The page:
The hopes of the Nigerian capital market experiencing a resurgence in 2017 has again been dashed as there are indications that MTN Nigeria Ltd might not undertake its proposed share listing until 2018.

In 2015, the Nigerian Communications Commission issued a 1.04 trillion naira fine to MTN Nigeria for failing to disconnect unregistered subscribers. After a series of negotiations, the sum was reduced to 330 billion naira.

As part of the settlement arrangement, MTN Nigeria agreed to list its shares on the Nigerian Stock Exchange (NSE). The telecommunication giant, however, highlighted that the list could only be realisable “subject to suitable market conditions”.

MTN’s boss, Nhleko’s announcement of the delay portrays that those conditions have not been fulfilled though the company is still optimistic about fulfilling their obligation. “It’s a work in progress and hopefully within the 12 to 18 month period we will be able to do it,’’ MTN Chairman and Acting Chief Executive Officer Phuthuma Nhleko said at the recently concluded World Economic Forum (WEF) in Davos, Switzerland.

The NSE’s experienced a huge performance decline in 2016. The equities market capitalisation dropped by 6.2 percent dipping from N9.86tn on January 1, 2016, to N9.25tn on December 30, 2016.

The Nigerian Stock Exchange All-Share Index (ASI) ended the year at 26874.62 points from 28370.32 points on January 1, 2016, shedding 1,495.7 points within the period. The ASI lost 41 percent in dollar terms, making it the worst performer among 94 indexes tracked by Bloomberg last year.


An estimated 35 percent of the 168 stocks listed on the main board of the NSE recorded no price movement in 2016. The financial services sector accounted for the highest number of inactive stocks.

It is, therefore, of no surprise for MTN Nigeria to delay its listing on the stock exchange as Nigeria’s premier capital market operator has failed to attract company listings in recent periods making its performance to continue declining woefully. Last year, Interswitch suspended its initial public offering stating factors based on the macroeconomic climate of the economy. The company through its Managing Director, Mitchell Elegbe explained that potential investors were concerned about the foreign exchange policies the current government had adopted and thereby expressed their fears of potentially accessing forex from the country.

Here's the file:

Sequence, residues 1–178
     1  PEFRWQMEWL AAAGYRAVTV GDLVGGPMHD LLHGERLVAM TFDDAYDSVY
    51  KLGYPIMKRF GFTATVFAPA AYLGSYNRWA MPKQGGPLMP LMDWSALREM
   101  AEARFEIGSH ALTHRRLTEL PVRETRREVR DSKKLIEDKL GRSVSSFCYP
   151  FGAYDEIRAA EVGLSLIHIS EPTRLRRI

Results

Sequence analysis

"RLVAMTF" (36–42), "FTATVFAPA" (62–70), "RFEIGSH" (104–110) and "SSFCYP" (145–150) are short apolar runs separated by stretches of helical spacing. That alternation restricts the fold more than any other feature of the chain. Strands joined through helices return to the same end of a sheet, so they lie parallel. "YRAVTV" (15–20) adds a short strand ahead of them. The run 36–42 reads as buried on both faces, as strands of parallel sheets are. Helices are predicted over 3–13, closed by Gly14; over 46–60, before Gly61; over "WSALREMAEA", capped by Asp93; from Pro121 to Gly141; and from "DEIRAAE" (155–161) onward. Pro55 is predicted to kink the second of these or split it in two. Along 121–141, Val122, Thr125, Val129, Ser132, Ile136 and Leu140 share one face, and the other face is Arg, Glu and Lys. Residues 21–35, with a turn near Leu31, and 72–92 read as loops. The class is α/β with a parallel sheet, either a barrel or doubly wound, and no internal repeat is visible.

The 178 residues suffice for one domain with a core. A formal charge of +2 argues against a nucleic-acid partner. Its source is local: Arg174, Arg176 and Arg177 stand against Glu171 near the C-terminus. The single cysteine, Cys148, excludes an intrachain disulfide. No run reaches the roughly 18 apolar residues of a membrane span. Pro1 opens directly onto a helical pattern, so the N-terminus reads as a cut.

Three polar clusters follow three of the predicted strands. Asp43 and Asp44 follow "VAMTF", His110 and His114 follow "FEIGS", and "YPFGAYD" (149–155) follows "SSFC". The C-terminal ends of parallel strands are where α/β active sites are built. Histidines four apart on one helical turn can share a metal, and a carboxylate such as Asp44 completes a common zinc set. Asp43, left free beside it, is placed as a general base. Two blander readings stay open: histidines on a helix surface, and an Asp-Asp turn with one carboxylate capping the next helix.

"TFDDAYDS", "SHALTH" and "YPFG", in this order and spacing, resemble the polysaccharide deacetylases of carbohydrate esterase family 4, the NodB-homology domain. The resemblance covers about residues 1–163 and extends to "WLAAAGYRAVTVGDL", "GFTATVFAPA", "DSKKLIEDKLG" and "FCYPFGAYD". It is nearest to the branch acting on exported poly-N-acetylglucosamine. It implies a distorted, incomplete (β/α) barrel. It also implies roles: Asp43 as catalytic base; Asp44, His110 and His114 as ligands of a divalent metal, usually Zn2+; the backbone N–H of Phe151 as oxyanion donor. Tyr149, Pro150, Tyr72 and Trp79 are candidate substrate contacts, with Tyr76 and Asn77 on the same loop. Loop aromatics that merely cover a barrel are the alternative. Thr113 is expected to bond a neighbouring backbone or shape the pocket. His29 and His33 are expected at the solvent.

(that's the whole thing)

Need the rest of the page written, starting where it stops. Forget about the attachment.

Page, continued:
Last year, the Nigerian government removed the peg on the naira allowing the naira to be floated. Despite the floating of its currency, the gap between the official rate and parallel market rates has tremendously increased because the Central Bank of Nigeria (CBN) has allegedly re-pegged the currency since then.

Companies are stalling their listing on the exchange due to the effect of the government policies on the economy. “At the moment, it is preferable for a company not to list on the stock exchange than to have a failed public offering,” said Fisayo Durojaye, an investment banking analyst with Afrinvest West Africa

Nhleko also said during WEF that “there is not a problem with capital funding, the issue is a resolution between the private sector and government to make projects attractive.” Investors are willing to invest but they desire clarity on government policies to ensure that return on their investments is certain.

“We’ve always intended to list — we have reaffirmed that with the government. Clearly, we can only list when the conditions are conducive,” said Nhleko, implying that the current macroeconomic conditions have led to the telecommunications company delaying its proposed listing.

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